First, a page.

(33) In the relations above R0 member is known as AVO intercept and the B member as AVO gradient. Accordingly, the dependence of the reflection coefficient R() on the angle of incidence for P waves is equal to the sum of the reflection coefficient at normal incidence and AVO gradient multiplied with the square of sinus function of the angle of incidence, . In the relation (33) A0 is incident amplitude and Poisson's ratio. Schematic synthetic presentation of seismic wave amplitudes, reflected from the top and the bottom of water and gas saturated sand layer, are shown on Fig.11.

B = A0 R0 + (1 - )2

Fig.11: Amplitude change vs. offset and angle of incidence


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The amplitude of the seismic wave reflected from the top of gas saturated sand layer, shown on the left side of the figure, increase if the angle of incidence increases. Its polarity became progressively more negative as the offset ­ dependent on the angle ­ increases, as shown on the section in the middle part. The reflected arrival from the gas sand bottom, shown at the right lower part of the figure, has the amplitude which became progressively more positive as the angle of incidence increases. Amplitudes reflected from the top of water saturated sand do not change if the angle of incidence or offset changes.


North Adriatic area is located on the eastern foreland ramp of the Apennine Pleistocene foredeep basin as well as on the Dinarid fold and thrust belts, that involves platform (to the East) to basin (to the West) carbonates. Two main tectonic elements are present: the eastern slope of the Dinarid platform, striking NW-SE and NNW-SSE trending antiformal system related to the Dinarid compression phase. In the area several prospects in Pliocene turbidities and Miocene calcarenites associated with biogenic gas were pointed out. Stratigraphic traps in Lower Pliocene channels in the area also exist. The main reservoir rocks are loose shallow sands with porosities between 25 and 35%, filled with biogenic gas. At the beginning of exploration campaign the main goal of the seismic data interpretation in the area was oriented to establish structural relations and locate the most prospective structural traps. Some discovered bright spot anomalies in the shallow part, like the one presented on Fig.12, located above structural features were not particularly interesting at that time, mainly due to economical consideration (low gas price!).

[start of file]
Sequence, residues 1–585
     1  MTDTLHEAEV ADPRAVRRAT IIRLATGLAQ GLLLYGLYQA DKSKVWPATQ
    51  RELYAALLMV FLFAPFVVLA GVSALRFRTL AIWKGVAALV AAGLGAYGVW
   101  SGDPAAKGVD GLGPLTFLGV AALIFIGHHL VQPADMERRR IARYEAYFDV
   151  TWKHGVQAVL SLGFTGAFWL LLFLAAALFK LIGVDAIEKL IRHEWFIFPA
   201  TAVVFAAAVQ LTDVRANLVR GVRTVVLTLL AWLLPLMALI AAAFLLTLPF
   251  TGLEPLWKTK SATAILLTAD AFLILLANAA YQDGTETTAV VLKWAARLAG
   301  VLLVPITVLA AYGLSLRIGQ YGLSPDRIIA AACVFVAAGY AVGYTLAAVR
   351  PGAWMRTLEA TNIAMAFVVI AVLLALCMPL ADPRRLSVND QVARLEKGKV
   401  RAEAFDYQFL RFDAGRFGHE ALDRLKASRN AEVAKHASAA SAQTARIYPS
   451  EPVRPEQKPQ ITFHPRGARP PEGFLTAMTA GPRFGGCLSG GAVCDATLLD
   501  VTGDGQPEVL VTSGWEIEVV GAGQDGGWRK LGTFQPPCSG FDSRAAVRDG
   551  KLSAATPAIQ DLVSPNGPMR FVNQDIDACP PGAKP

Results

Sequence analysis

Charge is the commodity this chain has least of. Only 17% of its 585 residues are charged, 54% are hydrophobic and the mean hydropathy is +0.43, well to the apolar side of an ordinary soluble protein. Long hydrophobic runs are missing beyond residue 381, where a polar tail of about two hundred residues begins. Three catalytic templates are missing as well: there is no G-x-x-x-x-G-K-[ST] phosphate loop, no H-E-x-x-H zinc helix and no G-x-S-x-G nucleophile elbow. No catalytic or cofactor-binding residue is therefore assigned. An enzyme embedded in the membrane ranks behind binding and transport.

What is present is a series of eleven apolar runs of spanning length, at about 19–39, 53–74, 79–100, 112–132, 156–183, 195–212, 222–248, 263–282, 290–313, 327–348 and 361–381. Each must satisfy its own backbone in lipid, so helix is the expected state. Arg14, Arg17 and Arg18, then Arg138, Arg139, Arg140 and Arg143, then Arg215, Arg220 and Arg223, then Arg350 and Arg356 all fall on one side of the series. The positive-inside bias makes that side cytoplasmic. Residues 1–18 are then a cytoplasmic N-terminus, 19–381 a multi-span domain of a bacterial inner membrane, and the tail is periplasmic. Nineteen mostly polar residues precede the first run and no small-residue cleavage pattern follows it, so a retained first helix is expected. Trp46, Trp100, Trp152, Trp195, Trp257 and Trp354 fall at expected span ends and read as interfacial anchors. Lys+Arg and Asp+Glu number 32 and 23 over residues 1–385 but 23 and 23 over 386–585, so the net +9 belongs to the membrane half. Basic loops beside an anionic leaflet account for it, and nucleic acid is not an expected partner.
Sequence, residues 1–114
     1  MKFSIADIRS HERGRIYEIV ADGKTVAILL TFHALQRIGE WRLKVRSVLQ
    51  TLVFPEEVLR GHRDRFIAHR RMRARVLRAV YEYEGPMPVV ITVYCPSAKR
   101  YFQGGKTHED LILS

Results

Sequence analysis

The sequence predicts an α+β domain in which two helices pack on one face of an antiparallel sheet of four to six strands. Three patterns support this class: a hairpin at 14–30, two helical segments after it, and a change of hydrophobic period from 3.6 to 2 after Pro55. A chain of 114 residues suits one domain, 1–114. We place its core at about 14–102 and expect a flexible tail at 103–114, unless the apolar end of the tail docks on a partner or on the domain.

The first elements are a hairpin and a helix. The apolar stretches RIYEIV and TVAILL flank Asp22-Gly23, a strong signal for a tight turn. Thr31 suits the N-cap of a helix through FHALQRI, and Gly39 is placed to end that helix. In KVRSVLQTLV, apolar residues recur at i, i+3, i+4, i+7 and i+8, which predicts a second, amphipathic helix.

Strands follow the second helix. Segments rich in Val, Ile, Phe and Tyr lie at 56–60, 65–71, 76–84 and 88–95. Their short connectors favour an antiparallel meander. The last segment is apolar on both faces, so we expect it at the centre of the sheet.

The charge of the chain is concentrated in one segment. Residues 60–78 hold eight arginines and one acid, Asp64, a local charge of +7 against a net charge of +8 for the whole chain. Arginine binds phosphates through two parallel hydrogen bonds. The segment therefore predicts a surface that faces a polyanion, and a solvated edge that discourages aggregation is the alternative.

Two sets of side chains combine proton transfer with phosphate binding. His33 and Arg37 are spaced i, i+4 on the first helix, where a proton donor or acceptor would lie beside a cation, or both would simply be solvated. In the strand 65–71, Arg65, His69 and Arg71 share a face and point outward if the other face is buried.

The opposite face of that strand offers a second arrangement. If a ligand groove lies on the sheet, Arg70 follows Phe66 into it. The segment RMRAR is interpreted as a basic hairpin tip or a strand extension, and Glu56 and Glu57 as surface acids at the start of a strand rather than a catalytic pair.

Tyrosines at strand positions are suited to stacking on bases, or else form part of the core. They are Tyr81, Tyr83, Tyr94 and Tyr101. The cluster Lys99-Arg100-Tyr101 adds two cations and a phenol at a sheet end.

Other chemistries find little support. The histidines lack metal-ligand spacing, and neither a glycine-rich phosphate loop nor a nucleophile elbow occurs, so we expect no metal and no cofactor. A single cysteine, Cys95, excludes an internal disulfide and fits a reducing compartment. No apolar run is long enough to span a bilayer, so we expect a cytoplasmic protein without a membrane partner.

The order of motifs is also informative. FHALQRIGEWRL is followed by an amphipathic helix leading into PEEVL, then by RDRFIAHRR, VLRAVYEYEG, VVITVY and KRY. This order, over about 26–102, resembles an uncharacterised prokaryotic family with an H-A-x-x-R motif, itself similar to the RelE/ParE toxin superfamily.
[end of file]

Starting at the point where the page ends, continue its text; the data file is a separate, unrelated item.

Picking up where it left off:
Fig.12: Typical bright spot anomaly in North Adriatic Sea

During structural interpretation it was noticed that some suspicious syncline forms exist on some possible very promising anticline structures. On Fig.13 seismic line passing through such feature with well logs recorded in the well, are presented. At the first glance it seems that the syncline on the seismic section is not interesting at all. However, further analysis and already existing experience in seismic data interpretation in the area confirmed that the noticed push down effect is the cause of the shown false syncline at the top of structural gas trap.


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Fig.13: False syncline on 2D seismic section

Seismic time structure map of the surrounding area is shown on Fig.14. Very strong anomalous amplitudes above these false synclines were caused with gas-filled rocks, with very low seismic velocities and the rocks above with normally higher velocities. The final result is the reflection with very strong amplitude and negative polarity ending with diffractions, as presented on the left hand side of the figure, well known as bright spot anomaly. Obviously such features on seismic profile and TWT map were caused by bright spot phenomena and not by poor data acquisition and processing, and definitely not by some locally developed small scale tectonic movements.

Fig.14: False syncline on seismic two-way-time structure map

On Fig.15 two seismic lines with characteristic bright spot and pull down phenomena are presented. Very pronounced faulting on strong reflection bellow the areas with these effects shows that the bright spot, as well as the push down effects, were formed during


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gas leaking through faults. In the marked areas gas accumulations were found above the deeper located faults.

Fig.15: Bright spot and push down phenomena

Recently performed 3D seismic exploration acquisition campaign provided better quality data, enabled more sophisticated approach to bright spot interpretation using special AVO processing and increases the success ratio. The bright spot features with characteristic push down phenomena creating false syncline structure are clearly visible on the seismic section on Fig.16. The located well was a success and proved that the strategy, based on the searching for bright spot effects, should be applied in the future.

Fig.16: Bright spot effect above gas field

Seismic time structure map with amplitude strength map, shown in the area around the well on Fig.16, is shown on Fig.17. It shows good correlation between seismic time